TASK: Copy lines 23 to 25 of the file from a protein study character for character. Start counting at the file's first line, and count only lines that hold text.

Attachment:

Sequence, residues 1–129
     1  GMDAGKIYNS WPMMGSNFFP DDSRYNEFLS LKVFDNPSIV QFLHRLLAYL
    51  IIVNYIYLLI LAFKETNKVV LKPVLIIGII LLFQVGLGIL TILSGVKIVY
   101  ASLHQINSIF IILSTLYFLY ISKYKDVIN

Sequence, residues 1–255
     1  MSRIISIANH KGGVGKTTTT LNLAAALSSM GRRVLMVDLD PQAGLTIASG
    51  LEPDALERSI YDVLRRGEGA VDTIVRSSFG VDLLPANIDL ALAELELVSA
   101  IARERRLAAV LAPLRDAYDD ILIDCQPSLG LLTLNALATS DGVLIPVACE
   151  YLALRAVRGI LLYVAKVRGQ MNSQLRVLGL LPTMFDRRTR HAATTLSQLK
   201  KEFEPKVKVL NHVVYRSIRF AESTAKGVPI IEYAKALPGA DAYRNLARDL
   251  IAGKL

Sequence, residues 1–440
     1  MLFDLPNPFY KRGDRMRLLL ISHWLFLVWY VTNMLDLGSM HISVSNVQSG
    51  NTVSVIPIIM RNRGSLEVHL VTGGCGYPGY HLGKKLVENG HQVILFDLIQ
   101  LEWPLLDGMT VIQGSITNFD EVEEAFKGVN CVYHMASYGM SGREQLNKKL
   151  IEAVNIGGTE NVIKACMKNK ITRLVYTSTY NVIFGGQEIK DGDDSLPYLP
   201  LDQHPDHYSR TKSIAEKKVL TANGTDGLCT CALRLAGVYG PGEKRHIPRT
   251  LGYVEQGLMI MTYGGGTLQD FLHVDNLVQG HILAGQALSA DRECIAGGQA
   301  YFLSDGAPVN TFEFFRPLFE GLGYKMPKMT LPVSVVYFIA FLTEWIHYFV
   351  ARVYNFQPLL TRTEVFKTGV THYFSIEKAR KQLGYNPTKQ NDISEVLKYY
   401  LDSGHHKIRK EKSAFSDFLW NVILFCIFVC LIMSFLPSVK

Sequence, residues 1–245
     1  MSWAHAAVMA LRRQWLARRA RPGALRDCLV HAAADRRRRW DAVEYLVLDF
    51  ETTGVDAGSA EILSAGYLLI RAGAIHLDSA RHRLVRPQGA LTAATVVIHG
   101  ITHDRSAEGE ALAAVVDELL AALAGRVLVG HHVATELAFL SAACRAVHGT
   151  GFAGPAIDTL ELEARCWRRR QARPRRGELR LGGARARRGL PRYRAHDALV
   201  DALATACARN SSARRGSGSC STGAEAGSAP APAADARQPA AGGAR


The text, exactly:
     1  MSWAHAAVMA LRRQWLARRA RPGALRDCLV HAAADRRRRW DAVEYLVLDF
    51  ETTGVDAGSA EILSAGYLLI RAGAIHLDSA RHRLVRPQGA LTAATVVIHG
   101  ITHDRSAEGE ALAAVVDELL AALAGRVLVG HHVATELAFL SAACRAVHGT